Say Her Name is all about the scares, but it’s also infused with Dawson’s trademark wit, which makes for a fun –often laugh-out-loud -reading experience. I’d love to see this on the big screen: Say Her Name would make a great teen horror movie, with its dash of romance, general creepiness and some deliciously wicked twists. That said, I liked rather than loved this book, mainly because I didn’t really connect with any of the characters, but also because I felt that it borrowed quite heavily from certain horror movies at times – namely The Ring. Here we have five days instead of seven – and Mary very much resembles that little bundle of fun, Samara.

Say Her Name is Urban Legend meets The Ring: a fun reading experience and a good addition to the ever-growing YA horror scene. There is so much more to Mary’s story than first meets the eye; and I’d love to read an origin story somewhere down the line.


Say Her Name by James Dawson.  Publisher: Hot Key Books.  Release date: June 5th 2014.  Ages: YA.  My Rating: 3½ out of 5. Source: Received from publisher for review.

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BEWARE: BIG SPOILERS FOR PREVIOUS BOOKS IN THE SERIES IN THIS REVIEW!

From one scary Mary to another in Ashes to Ashes the final book in Jenny Han and Siobhan Vivian’s hit-and-miss Burn for Burn trilogy.

First up, before I even start this review I have to admit that when I started reading this book I drew a complete blank as to what had happened in the previous book Fire with Fire. OK, so not a complete blank: I remembered the MAJOR TWIST right at the end of Fire with Fire when it’s revealed that Mary, is in fact, not just a really weird girl, but an actual ghost. If you think about it, the signs were there all along. I liked that twist. It was well played and basically saved Fire with Fire for me, because other than that twist and Lilia’s trip to Boston with Lindy, I didn’t really enjoy the second instalment in this series. Maybe that’s why my recall was so sketchy.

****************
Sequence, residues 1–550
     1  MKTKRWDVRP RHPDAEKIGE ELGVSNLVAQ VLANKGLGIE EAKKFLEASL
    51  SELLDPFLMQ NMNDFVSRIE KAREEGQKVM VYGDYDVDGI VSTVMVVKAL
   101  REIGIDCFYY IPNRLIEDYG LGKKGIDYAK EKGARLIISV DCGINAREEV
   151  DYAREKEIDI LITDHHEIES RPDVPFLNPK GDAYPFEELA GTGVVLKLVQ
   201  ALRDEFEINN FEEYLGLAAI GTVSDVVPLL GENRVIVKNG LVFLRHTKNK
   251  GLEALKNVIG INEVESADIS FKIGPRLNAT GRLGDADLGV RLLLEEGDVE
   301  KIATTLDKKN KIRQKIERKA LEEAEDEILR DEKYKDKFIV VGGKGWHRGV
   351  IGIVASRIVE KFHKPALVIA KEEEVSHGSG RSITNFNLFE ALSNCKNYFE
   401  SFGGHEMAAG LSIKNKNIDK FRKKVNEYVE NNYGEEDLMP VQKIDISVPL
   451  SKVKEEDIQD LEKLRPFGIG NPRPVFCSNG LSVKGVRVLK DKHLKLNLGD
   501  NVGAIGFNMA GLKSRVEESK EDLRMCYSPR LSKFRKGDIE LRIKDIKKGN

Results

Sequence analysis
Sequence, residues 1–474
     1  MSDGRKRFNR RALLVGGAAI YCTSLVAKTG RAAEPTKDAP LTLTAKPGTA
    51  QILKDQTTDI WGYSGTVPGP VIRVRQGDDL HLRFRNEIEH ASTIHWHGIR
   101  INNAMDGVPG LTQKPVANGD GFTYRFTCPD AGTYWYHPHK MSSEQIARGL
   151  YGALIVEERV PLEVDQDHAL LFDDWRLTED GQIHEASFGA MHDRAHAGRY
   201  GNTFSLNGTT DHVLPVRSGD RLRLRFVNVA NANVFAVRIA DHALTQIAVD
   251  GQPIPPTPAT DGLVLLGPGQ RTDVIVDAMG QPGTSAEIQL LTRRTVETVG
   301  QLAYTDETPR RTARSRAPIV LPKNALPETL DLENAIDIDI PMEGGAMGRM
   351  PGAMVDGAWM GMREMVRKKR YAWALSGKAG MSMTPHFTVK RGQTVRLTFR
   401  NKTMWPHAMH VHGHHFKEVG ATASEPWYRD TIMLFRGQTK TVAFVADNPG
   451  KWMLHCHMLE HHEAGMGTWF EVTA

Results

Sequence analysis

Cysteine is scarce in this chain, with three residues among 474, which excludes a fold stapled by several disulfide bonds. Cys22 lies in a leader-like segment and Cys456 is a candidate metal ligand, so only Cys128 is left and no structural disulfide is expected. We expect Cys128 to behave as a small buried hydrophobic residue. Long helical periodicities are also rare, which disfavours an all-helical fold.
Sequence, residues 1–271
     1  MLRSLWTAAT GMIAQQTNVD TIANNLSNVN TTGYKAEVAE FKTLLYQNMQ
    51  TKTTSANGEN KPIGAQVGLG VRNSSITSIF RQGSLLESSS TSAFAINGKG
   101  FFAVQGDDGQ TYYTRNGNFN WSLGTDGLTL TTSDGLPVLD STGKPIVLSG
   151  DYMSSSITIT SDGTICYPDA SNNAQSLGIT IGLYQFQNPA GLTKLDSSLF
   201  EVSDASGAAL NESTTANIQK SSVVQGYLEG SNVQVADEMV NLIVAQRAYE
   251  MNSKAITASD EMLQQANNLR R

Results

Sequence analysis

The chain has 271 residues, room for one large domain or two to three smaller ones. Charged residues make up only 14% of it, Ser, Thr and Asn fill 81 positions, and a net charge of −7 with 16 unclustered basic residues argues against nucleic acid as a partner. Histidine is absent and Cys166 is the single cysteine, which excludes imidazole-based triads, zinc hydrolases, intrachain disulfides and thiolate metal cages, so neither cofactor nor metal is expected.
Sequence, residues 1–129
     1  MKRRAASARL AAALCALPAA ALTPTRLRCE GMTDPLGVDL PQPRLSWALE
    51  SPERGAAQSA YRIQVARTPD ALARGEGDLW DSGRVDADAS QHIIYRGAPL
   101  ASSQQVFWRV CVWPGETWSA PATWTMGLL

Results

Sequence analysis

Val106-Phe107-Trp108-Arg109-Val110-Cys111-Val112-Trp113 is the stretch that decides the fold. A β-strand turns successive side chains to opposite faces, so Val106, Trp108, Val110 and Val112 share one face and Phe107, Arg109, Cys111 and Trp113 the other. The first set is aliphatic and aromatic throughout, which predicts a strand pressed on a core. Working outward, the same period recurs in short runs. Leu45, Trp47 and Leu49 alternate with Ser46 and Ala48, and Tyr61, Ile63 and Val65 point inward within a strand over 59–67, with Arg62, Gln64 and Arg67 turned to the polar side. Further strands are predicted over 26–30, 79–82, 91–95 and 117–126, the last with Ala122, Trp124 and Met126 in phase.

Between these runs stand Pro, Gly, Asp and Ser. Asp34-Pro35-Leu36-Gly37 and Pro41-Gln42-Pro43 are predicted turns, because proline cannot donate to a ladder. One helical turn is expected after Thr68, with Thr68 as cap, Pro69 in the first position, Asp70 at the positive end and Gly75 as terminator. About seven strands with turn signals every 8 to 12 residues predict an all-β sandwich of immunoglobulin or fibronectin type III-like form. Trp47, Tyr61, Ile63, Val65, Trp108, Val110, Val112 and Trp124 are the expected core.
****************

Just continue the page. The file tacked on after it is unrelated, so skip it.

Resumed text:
So, we’re back with the girls, and Rennie is dead (I did not remember that happening at all! Ooops!), Lilia is crazy in love with Reeve, but obviously feeling the guilt, and Kat is super stressed and smoking a lot of cigarettes. As for Mary, well, she’s nowhere to be found.  We know that she’s still around –her spirit stranded on Jar Island- but Lilia and Kat are oblivious to the fact and Mary thinks they should try harder to find out what’s going on with her. She disappeared from their lives and here they are carrying on as normal. Were they ever really her friends at all? Mary’s ghostly worldview is warped; if she’d just learn how to let it go, then she could possibly rest in peace. But she won’t do it. And what really irks her is that Lilia is hooking up with Reeve. In Mary’s eyes, that’s a betrayal. She wants revenge on Reeve –the boy who ruined her life – and this time she won’t stop till he’s dead. Eeek!

What started as a game of revenge has suddenly taken the deadliest of turns. Can Lilia and Kat stop Mary before it’s too late? And how many times can Lil reject Lindy before he’ll finally give up on her?!  FYI: I’m a big Lindy fan. That guy, so sweet. Le sigh.

Ashes to Ashes provides all the answers and more in what is an action-packed ending to the series. There’s also an epilogue which jumps into the future lives of all the players here. I liked the ending to this book; it was maybe not the sugar-coated happily ever after for everyone here –and not the ending that everyone expected or hoped for- but it definitely rang true to these characters for me.


Ashes to Ashes by Jenny Han & Siobhan Vivian.  Publisher: Simon & Schuster.  Release date: Sept. 16th 2014.  Ages: 14+.  My Rating: 3½ out of 5.  Other Books in Series: Burn for Burn, Fire with Fire. Overall Series Rating:  3 out of 5. Source: Purchased.

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1 comment :

  1. ChristinaBookAddict17 December 2014 at 12:55

    I agree that Famous Last Words has an awesome premise…too bad it was a bit disappointing. Even though I love Jenny Han, I wasn't in love with Burn for Burn, so I didn't pick up book two. Looks like I may have made the right decision based on your review of Ashes to Ashes. Thanks for the honest reviews!